TBILISI, DFWatch–Parliament in Georgia approved a bill on Sunday which will relieve the National Bank of responsibility for supervising private banks and instead transfer such authority to a new agency.

The vote was preliminary, as the bill must go through several more hurdles before final approval.

The president, opposition, non-governmental organizations and international financial institutions have warned against such a change.

If parliament passes a bill at the first hearing, it is most likely that it will be finally approved.


Henri Kerali.

The bill will mean transferring responsibility for bank supervision to a separate body that will be created, which the prime minister will be in control of.

Before parliament voted, the World Bank, International Monetary Fund, Asian Development Bank and European Bank for Reconstruction and Development wrote a letter to prime minister and speaker of parliament warning about possible risks if the bill was approved.

The lengthy letter gives a detailed description of potential risk if the amendments are passed. The institutions are against splitting the bank supervisory function from the NBG.

Regional Director of the World Bank, Henry Kerali, who recently visited Georgia, told journalists that the joint letter to the PM and speaker of parliament is a call to maintain the independence of NBG. They also explained that if the amendments are inevitable, then it is important to guarantee the independence of the new body that will conduct bank supervision. This is even more important as Georgia has signed an association agreement with the EU which obliges it to guarantee the independence of such institutions.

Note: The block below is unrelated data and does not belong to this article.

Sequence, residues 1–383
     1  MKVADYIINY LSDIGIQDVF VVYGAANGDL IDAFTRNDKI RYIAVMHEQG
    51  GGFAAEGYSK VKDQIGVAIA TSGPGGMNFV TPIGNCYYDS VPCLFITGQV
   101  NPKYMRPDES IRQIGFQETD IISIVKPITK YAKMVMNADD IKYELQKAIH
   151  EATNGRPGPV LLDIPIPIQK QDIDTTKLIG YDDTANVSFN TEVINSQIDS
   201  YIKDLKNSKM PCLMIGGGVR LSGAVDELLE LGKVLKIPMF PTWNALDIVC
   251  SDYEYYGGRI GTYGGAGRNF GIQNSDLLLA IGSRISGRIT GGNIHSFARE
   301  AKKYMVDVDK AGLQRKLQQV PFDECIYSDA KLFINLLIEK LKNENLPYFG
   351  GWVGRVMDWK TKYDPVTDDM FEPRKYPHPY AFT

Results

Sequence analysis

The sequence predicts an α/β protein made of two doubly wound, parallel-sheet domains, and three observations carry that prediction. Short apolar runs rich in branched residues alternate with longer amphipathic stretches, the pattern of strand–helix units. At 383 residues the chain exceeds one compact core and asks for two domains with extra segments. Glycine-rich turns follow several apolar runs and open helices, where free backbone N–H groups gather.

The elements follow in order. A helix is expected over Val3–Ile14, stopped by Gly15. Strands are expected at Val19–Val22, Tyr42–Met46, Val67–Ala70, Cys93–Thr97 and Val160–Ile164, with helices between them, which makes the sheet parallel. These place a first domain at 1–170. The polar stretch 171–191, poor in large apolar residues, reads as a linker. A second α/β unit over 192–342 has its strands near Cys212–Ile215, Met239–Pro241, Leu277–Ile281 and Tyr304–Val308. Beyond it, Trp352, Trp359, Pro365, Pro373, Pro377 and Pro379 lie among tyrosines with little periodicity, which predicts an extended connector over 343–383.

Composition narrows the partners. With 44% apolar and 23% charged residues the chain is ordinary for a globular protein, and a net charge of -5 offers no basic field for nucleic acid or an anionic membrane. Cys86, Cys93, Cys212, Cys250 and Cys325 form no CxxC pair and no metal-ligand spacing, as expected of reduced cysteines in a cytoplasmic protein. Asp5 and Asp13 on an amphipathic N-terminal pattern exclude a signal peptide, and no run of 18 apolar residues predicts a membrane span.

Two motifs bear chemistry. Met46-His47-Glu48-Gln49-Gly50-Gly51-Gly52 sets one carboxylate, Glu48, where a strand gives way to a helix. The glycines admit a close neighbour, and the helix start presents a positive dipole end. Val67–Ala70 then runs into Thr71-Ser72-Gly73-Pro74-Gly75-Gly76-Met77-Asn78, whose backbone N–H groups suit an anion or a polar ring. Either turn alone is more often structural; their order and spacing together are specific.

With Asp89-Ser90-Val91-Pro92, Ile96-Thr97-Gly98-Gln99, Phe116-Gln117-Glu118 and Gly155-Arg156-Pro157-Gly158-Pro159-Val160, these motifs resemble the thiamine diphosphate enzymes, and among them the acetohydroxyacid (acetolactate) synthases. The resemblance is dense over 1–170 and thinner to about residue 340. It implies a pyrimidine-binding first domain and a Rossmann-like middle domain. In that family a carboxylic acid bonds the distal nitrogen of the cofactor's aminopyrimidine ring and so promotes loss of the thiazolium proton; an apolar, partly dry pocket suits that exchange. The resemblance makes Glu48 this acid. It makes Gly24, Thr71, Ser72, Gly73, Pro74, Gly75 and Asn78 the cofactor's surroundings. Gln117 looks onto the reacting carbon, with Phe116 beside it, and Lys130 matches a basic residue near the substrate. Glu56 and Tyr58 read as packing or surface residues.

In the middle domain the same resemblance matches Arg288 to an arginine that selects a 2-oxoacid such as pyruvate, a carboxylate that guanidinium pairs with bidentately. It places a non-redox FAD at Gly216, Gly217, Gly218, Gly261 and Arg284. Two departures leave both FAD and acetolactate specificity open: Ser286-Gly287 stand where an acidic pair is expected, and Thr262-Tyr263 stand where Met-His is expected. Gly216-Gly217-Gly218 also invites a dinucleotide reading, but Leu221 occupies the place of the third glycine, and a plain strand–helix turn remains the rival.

He said all the standards must be followed during the amendments.

The judiciary committee in parliament was against the draft bill, and claimed that it also violates the Constitution.

Despite the warnings, parliament passed the bill, with only one MP voting against. The opposition didn’t participate in the vote.

Meanwhile, the president is preparing to veto the bill, but the ruling coalition doesn’t seem to care much as they are confident that they will be able to overturn the president’s veto, as they have done on other two occasions.